Fondly, Pennsylvania is HSP's main blog. Here you will find posts on our latest projects and newest discoveries, as well articles on interesting bits of local history reflected in our collection. Whether you are doing research or just curious to know more about the behind-the-scenes work that goes on at HSP, please read, explore, and join the conversation!
This blog post was written by Sara Nash, processor of the J. B. Lippincott Company records (Collection 3104).
This blog post is written by Emma Weil, Programs and Services Co-op from Drexel University
August 18th, 1920 is when the 19th amendment was ratified, granting all women who were United States citizens the right to vote. The amendment was passed on June 4th, and was officially ratified after Tennessee ratified it on the 18th.
From Made By Us, a history and civics organization partnered with historical institutions across the country, My Wish for U.S. allows people to tell their wishes for the country in an effort to unite communites and inspire individuals. A few scrolls through their explore page, and one will find wishes of anti-bigotry, improved government systems, and fair democracy. My Wish for U.S. also allows users to contact local representitives with their wishes, giving users an easy first step into action.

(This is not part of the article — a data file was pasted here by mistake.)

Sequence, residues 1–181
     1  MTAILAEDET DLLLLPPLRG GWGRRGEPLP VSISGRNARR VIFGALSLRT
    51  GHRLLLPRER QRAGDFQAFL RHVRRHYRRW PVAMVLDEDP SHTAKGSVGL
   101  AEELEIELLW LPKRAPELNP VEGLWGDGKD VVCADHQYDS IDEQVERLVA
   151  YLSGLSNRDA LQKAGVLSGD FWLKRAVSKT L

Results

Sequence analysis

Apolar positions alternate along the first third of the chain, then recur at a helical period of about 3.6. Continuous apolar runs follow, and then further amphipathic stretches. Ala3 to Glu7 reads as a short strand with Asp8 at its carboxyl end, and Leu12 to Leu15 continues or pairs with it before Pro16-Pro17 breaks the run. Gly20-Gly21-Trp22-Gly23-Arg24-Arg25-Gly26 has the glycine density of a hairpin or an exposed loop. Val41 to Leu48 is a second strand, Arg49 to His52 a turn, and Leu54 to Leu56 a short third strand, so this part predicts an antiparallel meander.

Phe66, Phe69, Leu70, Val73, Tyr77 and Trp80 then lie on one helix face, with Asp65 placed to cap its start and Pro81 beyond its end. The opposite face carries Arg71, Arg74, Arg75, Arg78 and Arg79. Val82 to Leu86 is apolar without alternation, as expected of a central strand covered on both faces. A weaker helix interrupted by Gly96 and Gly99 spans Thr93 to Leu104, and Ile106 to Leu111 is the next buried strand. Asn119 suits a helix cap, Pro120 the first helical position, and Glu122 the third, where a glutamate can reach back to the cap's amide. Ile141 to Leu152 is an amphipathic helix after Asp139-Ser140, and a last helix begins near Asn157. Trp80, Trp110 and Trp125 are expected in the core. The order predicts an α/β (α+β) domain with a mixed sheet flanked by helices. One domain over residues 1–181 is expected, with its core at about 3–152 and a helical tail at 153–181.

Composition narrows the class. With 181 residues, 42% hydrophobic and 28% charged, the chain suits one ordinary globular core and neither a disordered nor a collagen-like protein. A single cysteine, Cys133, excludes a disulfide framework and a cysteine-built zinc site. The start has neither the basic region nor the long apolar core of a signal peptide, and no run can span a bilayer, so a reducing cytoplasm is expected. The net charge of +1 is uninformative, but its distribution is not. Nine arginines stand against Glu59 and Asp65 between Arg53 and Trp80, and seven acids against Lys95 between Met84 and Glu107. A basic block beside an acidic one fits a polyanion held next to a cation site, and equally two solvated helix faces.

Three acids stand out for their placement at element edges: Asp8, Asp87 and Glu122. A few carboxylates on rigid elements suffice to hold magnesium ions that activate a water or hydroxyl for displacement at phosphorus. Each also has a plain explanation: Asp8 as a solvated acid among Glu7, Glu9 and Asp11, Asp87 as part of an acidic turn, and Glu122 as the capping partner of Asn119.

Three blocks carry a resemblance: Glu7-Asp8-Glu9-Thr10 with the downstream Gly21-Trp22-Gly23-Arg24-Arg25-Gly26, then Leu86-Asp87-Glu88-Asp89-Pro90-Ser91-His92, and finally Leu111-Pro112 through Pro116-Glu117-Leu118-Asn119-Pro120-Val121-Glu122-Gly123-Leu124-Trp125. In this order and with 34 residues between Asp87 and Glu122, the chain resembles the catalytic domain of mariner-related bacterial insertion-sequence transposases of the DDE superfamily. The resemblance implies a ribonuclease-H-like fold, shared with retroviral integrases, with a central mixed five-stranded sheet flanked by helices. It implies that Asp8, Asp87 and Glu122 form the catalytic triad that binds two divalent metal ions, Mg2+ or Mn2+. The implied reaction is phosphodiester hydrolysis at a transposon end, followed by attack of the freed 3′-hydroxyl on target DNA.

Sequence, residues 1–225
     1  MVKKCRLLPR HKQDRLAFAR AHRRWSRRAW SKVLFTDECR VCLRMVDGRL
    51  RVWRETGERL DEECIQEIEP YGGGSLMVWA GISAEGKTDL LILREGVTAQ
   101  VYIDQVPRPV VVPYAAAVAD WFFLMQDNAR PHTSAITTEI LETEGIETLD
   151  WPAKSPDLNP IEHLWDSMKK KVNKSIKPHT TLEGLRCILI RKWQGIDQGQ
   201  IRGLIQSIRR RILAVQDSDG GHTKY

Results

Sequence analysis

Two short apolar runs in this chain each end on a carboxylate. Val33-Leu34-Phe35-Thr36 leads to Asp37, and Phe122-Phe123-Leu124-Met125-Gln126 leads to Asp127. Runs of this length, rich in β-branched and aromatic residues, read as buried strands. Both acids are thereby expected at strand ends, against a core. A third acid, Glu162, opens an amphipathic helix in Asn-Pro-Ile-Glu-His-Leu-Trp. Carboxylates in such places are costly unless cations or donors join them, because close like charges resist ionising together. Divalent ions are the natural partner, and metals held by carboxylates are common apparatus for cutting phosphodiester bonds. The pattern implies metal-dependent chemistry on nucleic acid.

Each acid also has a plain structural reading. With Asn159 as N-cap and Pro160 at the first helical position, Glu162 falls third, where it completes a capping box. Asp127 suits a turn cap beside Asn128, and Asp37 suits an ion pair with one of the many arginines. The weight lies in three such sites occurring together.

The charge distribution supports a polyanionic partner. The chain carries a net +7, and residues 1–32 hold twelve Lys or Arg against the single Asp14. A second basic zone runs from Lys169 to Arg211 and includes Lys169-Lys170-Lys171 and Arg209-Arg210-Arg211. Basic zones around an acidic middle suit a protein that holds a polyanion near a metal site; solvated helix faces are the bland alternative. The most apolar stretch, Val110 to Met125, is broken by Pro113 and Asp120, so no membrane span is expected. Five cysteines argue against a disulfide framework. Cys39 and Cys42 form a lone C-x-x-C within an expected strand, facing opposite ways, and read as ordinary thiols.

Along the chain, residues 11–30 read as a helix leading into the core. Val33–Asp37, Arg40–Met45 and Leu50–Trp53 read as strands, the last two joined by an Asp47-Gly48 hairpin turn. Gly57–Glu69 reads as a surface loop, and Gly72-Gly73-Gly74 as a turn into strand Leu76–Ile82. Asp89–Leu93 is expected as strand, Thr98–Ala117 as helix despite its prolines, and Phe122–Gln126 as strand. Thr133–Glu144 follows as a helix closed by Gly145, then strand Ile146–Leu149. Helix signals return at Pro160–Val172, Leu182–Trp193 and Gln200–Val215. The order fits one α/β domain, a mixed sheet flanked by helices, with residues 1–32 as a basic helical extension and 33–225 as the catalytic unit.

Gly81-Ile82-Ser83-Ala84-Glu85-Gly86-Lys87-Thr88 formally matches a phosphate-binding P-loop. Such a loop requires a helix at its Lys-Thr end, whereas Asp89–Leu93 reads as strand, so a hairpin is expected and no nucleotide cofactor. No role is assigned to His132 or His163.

The blog was written by Emily Kulpa, a summer intern from Rutgers University.
Despite being decades apart, the tuberculosis outbreak in the early 1900s and the AIDS crisis in the 80s-90s share a striking similarity, namely with how people responded to them. Both outbreaks were defined by a large response from the public, but also by the fact that they were ignored by state and local governments. One can celebrate the work that was done for these epidemics while also recognizing that more could have been done if not for public biases or political corruption.
This blog was written by Fiona Bruckman, a summer intern from Vassar College.
Throughout the history of the United States, national attitudes toward immigration and the resulting legislation have opened and subsequently closed the doors for those wishing to settle here. The country’s reception of immigrants has been influenced by global politics, population concerns, and—under the guise of defending public health—fear of epidemic.
The following article was written by HSP volunteer Randi
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